Just shy of eighteen, I met Gene Wolfe. My father introduced us, and then we all went out to dinner: Gene, his wife Rosemary, my father, my stepmother Terry, and me.
I’d been shy about meeting him—not because I’d read his books (I’d read one, The Shadow of the Torturer, just recently, not having any idea who the author was or who he’d be to me)—but because I was shy of new people in general.
Halfway through dinner, I found myself asking if he’d read my novel. I don’t know what brazen ghost possessed me. I could see the moment his face changed. Got very careful indeed. Gently he said, “I can read it, but I can’t promise to say anything about it.”
I remember backpedaling, saying I’d just send the first three chapters. He twinkled at me. (He has very twinkly eyes.)
And after I sent my chapters, I received a letter.
I don’t know if Gene ever read past the first chapter. But he wrote me a long letter about what he did read, what he’d observed, and it was a letter full of keen incite, encouragement, what I was doing well (Dialogue! Character!), and most importantly, stuff I needed to work on. For example, I had a tendency to interrupt my dialogue with long infodumps. He used the phrase “lumps of prose like uncooked dumplings,” which delighted me—and has stayed with me these many years.
I could feel my brain cracking open and horizon pouring in. I wrote him back. I thanked him. I asked him questions. He started teaching me about short stories.
The subject had come up at that initial dinner. “Write short stories,” he advised me. “Build your byline. Once you have a body of work and some name recognition, you’ll be ready to sell your novel. Learn your craft; novels are the easiest to write. Short stories are harder. Poetry is the hardest of them all.”
That made me feel smug; I was already a poet.
“How do you write a short story?” I asked. I’d never been able to write short. A teacher in high school had called me “prolific,” in a tone of voice that was half-admiring, half-resentful.
“Anything can be a short story,” said Gene. “Look around. This chair could be a short story. That waiter. How they interact.”
Immediately I had an idea for a sentient chair and its best friend, the waiter.
To this day, I still write long, often novella-length. But I marvel at the engineering behind a Gene Wolfe short story. How can he pack all that story into such a limited frame? I have to sit with his stories and sink in; they go down so deep. They resound.
Gene taught me how to write cover letters. How to submit. How to subscribe. “Writers who don’t subscribe to the magazines they submit to are cutting their own throats.” He was clear on that point.
I still overwrite my early drafts (Gene told me he does too), and I still have to watch out for “lumps of uncooked prose.”
He once advised, “Always tell a story as cleanly and as clearly as possible.”
I find myself coming back to that. I often garland my stories in gilded curlicues of language that I later sometimes want to slash back to the bone. But there was this one time, after I wrote “Three Fancies from the Infernal Garden” (Subterranean Magazine: Winter 2009) and showed it to Gene, telling him I’d probably need to cut much of the sing-songy rhythm and internal rhyme, he urged me not to take my knife to it.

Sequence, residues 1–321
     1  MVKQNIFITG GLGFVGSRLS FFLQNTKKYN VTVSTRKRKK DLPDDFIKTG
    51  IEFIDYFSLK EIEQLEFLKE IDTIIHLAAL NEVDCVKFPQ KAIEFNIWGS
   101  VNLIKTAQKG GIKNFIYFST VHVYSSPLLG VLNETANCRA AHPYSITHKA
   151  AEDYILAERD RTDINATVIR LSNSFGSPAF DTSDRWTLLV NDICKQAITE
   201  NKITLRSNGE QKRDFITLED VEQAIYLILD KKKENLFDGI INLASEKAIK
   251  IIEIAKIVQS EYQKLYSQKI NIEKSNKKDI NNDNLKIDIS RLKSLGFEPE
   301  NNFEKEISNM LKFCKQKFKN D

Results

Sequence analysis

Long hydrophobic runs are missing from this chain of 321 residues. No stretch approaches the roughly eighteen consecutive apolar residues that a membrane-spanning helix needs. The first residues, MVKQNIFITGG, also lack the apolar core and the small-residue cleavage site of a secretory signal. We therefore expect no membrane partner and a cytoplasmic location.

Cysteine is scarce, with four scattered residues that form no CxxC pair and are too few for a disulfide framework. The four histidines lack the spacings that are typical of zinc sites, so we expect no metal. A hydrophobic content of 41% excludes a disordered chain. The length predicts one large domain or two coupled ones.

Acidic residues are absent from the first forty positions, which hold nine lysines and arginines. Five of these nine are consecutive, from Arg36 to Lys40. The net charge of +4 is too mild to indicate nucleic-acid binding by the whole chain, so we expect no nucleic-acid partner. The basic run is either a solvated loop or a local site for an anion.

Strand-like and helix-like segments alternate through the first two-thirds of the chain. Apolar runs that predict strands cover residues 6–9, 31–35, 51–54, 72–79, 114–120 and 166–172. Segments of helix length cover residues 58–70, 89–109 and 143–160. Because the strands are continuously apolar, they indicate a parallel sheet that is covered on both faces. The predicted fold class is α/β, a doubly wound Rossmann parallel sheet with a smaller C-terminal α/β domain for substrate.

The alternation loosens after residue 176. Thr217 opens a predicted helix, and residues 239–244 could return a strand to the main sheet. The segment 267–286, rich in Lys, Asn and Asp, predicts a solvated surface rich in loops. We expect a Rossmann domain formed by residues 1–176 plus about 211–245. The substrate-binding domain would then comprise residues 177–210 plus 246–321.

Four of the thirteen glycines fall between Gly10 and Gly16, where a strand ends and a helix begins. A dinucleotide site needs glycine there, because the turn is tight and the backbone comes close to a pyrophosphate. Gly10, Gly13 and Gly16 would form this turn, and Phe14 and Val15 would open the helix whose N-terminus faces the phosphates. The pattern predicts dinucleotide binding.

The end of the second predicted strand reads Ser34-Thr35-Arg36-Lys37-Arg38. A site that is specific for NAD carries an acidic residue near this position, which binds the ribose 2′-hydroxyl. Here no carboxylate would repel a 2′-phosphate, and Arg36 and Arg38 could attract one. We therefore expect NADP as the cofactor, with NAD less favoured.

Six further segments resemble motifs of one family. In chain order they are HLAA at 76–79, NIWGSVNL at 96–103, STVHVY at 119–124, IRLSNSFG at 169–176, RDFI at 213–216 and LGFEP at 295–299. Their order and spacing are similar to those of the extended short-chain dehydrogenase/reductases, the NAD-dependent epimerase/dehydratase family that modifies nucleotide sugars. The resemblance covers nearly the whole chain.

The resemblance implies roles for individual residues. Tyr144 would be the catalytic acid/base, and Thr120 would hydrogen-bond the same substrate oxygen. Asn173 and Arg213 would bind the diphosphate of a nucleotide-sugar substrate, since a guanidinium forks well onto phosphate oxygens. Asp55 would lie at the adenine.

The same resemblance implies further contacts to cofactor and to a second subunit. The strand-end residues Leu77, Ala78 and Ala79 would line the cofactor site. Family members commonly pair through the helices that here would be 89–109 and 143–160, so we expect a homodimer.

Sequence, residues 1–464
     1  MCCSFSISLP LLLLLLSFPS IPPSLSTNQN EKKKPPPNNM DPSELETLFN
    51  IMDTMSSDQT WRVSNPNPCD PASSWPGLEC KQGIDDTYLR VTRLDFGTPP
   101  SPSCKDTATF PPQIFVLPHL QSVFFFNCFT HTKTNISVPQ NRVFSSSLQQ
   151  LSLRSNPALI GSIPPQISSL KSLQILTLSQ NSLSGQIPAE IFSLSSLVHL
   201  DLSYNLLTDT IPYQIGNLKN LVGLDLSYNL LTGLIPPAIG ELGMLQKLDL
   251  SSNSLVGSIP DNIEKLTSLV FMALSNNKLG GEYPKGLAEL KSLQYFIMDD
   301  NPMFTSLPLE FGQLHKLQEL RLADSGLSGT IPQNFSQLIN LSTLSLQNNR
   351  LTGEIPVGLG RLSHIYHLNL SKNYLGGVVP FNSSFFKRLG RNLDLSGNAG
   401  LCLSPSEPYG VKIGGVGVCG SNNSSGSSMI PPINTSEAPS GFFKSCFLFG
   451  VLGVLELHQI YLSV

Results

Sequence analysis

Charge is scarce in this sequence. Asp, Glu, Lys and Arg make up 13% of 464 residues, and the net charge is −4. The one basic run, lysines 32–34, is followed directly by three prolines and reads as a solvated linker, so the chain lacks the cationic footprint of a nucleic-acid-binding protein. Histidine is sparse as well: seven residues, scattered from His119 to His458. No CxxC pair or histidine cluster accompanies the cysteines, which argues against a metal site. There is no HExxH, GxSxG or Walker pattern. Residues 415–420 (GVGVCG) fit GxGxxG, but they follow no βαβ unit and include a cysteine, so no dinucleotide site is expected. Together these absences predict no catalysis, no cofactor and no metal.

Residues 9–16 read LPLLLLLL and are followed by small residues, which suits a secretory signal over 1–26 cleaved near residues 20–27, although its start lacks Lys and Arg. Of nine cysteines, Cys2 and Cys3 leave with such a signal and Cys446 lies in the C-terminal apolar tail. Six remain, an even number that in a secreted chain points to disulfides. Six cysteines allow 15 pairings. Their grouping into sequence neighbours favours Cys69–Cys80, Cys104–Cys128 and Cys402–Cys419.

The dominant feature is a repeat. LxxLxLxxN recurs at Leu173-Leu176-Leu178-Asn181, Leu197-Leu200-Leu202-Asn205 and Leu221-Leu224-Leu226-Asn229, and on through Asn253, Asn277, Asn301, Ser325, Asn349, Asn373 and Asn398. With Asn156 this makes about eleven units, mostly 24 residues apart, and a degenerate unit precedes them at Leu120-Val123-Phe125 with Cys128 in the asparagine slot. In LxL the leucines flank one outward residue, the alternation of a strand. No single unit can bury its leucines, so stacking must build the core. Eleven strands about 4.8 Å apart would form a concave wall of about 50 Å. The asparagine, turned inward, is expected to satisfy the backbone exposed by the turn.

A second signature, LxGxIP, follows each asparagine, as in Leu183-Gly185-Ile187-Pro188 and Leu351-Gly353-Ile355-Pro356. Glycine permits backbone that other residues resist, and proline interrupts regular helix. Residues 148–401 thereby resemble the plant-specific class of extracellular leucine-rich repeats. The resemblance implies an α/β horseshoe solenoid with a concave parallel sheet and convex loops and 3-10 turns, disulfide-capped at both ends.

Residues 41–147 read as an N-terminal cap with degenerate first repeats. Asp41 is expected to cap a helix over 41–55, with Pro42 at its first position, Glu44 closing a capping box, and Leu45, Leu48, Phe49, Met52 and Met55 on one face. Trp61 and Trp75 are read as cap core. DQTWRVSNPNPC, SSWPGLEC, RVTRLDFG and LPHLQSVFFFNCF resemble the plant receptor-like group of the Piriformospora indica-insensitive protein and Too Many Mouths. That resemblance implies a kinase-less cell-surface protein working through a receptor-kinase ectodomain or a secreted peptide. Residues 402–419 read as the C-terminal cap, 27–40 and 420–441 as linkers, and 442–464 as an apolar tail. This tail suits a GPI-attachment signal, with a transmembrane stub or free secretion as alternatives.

So I remember that too: Not only “Tell the story as cleanly and as clearly as possible,” but also—remember that sometimes, the elaborate is beautiful.
In a decade and a half of loving advice, encouragement, introductions, brilliant brunches, and road trips that Gene Wolfe has gifted to me, another moment sticks out. Early on in my submitting-short-stories process, I’d written him this letter—hyperbolic, tear-stained—about receiving yet another rejection. I’d thrown myself against a wall, I said, I’d wailed. And he wrote back, “Good on you! That means you care. It’s good to care.”
He wrote it better of course; but memory synthesizes our experience. And what a thing to remember! Especially for a young writer, addled by self-doubt, newborn-barefoot on the fierce terrain of the unknown. Rejection is a natural part of the process, and so is the artist’s reaction against it. It’s all right; we’re supposed to feel—even Gene Wolfe still gets sad at a rejection letter. It’s good to feel.
“And when it’s done,” he told me, “look at your story again. Scrub her face. Give her a new dress. And send her back out into the world.”
It’s because of Gene Wolfe that I view each new story as an intrepid daughter of Nellie Bly: suitcase in hand, checkered suit impeccable, head held high, heading off into the sky.
C. S. E. Cooney (csecooney.com/@csecooney) is the author of Bone Swans: Stories (Mythic Delirium 2015), the title story of which was nominated for the 2015 Nebula Award. Her novella “The Two Paupers,” second installment of her Dark Breakers series, is included in Rich Horton’s The Year’s Best Science Fiction and Fantasy 2016. She is an audiobook narrator for Tantor Media, the singer/songwriter Brimstone Rhine, and the Rhysling Award-winning author of the poem “The Sea King’s Second Bride,” which can be found in her collection How to Flirt in Faerieland and Other Wild Rhymes. Her short fiction and poetry can be found at Uncanny Magazine, Lakeside Circus, Black Gate, Papaveria Press, Strange Horizons, Apex, GigaNotoSaurus, Goblin Fruit, Clockwork Phoenix 3 & 5, The Mammoth Book of Steampunk, and elsewhere.